Repair and Maintenance

Gosh! Already? But Riff Raff has only been to sea for about 40 hours, so what’s gone on?

Well, to start with it’s the b****y “pre stretched” dyneema stays.

‘They’re fully stretched before we make them’ says the designer.

‘That’s as maybe’ I replied ‘but I want a steel wire forestay. Then at least I’ve a fixed point in the rig, just in case the dyneema does stretch.’

As we were drifting to a light wind back from Cowes the other day, the mast flopped from side to side and fore and aft to an alarming extent. After taking Riff Raff onto terra firma (or at least onto Terence), I went to investigate.

I had to take up about an inch * of slack on both the port and starboard main stays and a similar amount on the baby stays too. Assuming that the steel wire forestay hasn’t stretched, the rig might now be back to “factory set”. We’ll see on Thursday.

I had also to try out the cockpit cover. This had arrived at home just before I left for the trip to Cowes and Yarmouth and I hadn’t had time to play with it. 20180610_125655

Unpacked and fitted (held in place by oodles of lengths of bungee and a couple of car roof rack stretchy things with hooks), I was rather pleased with it. It covers the spray hood and the engine and there’s space under which all manner of stuff can be hidden from prying eyes. It might even stop the cockpit seats from getting covered in atmospheric fall out. All we need now is the tent….

Notes

* One inch = 25mm (at the moment – it might equal more (or less) after the UK has left the EU.)

The rest of the Weekend

Having enticed the readers to Cowes (yes, there are more than one of you!), they might be wondering what happened next. Well, after sampling the empty eateries in Cowes, the following morning (just) we caught the tide for Yarmouth. The wind, which promised to be fair and from the North, as usual had not read the forecast and disappeared completely by about three. (I suspect that some sort of sea breeze effect had vaguely materialised) so Freddy2* was called in to push us to Yarmouth. Passing the odd merchantman,  we arrived at the busy (even on Thursday) marina, missing the ferry on the way in.

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There’s something about modern ships – shoe boxes with scalloped fronts and backs. The romance of the sea trade is, I fear, dead. I’m glad I never became a Naval Architect, after all!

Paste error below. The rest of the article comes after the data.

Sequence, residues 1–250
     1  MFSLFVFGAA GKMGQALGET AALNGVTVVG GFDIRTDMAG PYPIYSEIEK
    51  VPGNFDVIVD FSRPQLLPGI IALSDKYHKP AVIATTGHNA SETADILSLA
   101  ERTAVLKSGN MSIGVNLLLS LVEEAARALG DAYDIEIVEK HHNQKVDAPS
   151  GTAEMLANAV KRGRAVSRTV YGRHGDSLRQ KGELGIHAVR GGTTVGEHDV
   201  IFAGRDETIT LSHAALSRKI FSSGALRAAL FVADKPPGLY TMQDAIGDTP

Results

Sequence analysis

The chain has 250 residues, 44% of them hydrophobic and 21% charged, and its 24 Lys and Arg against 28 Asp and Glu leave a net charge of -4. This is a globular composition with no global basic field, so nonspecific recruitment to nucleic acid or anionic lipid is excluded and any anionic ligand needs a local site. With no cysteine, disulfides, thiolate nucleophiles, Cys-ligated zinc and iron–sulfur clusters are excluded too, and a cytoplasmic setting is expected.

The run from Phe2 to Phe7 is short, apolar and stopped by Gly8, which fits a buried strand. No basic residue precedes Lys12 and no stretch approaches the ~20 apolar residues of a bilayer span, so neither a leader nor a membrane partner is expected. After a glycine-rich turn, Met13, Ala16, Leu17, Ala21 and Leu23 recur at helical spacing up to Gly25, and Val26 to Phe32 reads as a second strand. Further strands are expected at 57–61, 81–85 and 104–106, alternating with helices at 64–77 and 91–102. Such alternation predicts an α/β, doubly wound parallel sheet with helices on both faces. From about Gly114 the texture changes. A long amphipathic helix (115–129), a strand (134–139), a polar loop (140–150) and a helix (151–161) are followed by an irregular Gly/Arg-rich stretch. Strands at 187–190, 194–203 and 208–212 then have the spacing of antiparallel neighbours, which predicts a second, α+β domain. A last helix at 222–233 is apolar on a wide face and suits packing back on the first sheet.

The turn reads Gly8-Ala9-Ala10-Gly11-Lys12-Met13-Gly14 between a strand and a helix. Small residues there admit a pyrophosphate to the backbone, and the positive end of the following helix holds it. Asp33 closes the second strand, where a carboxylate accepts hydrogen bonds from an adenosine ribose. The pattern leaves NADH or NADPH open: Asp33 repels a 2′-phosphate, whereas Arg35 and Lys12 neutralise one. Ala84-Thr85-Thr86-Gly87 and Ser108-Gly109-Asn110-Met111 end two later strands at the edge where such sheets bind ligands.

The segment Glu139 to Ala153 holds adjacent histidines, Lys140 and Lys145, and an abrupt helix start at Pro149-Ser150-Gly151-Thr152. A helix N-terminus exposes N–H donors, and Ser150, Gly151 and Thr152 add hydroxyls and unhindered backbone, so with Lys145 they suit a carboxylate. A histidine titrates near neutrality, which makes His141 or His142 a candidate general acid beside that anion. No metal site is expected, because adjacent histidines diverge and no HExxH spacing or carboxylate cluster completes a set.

After a quiet drink at the Yacht Club, I repaired to Riff Raff for an impromptu repast and so to bed, pondering where to go next. Poole? Bembridge (round the South of the Isle of Wight)? or retrace my steps.

Friday morning came and I woke quite late. That, and the tide times determined our fate we’ll catch the tide to retrace our steps. The wind was from the North again, so we lazily tacked up the Solent to Cowes and resumed our acquaintance with the East Cowes Marina.

On Saturday, I intended to go “home” to Northney, rent a pontoon space for a night, and take Riff Raff out of the water on Sunday. Of course, I hadn’t booked any space anywhere.

Up late again (I wonder why) – even at 10:00 the radio was alive with people trying to book a berth for the night (and it’s not school holidays yet). I set sail, more in hope than expectation, and arrived at the entrance to Chichester harbour just after low water. The wind was light from the South and we drifted in with a touch of help from Freddy 2. Suddenly, Freddy 2 seemed to lose power. I checked that I’d undone the petrol tank vent – I hadn’t so rapidly took corrective action – without much effect. There was a lot of weed about in the channel so it seemed possible that there was some round the propeller. This – in the centre of the narrowest bit of the entrance, surrounded by several wet suit clad “young people”. So, the tiller was lashed and off went the engine – the prop was complete wrapped in some stringy species of seaweed. It took a few minutes to clear it as Riff Raff drifted upstream (I suppose that I should have raised black balls to the masthead but there was nothing appropriate to hand….)

With that mess cleared, we continued sluggishly upstream. On arrival at Northney I discovered that a berth was available and we were soon back on the mainland. I then attempted to lift the centre board, only to find it was jammed down. Of came the cabin table and I peered into the centre board slot. Sure enough, it was full of weed which took some time to clear.

Next morning, Riff Raff was dragged from the briny and now sits on her trailer again, waiting the call of the sea. It might come this week.

 

 

Going abroad

At last, a few days without social commitments – such is the hectic life of the retired.  The owners agent is having a weekend “jolly” with the local horticultural society, so I can go to sea with a clear (ish) conscience.

To Northney on Tuesday (just as the new cockpit cover arrives – more of which anon).  Half way there I remember that I have left my important navigation tool (an elderly ipad) on charge in my office. Hey Ho. Riff Raff slides off the trailer with ease and is soon moored alongside a pontoon for the evening whilst I go off to the local chandlers (for a boat hook,  a chart of the Solent and the Admiralty Tidal currents book (the last two of which would have been on the ipad) and then to a supermarket for those essentials that have also been forgotten – cup a soups, cheese, bread and wine. Then to a pub for an evening meal and back to the cabin to study tide atlas and chart – just to make sure that my plan still appeared to work. And so to bed.

Up with the lark (but too late for the 05:30 forecast). The smart phone suggests a quiet day with a NE wind, F3-4 at first, dropping during the day to 2 – 3. So it’s going to be a downwind sail to Cowes – fortunately the tide will eventually be with us.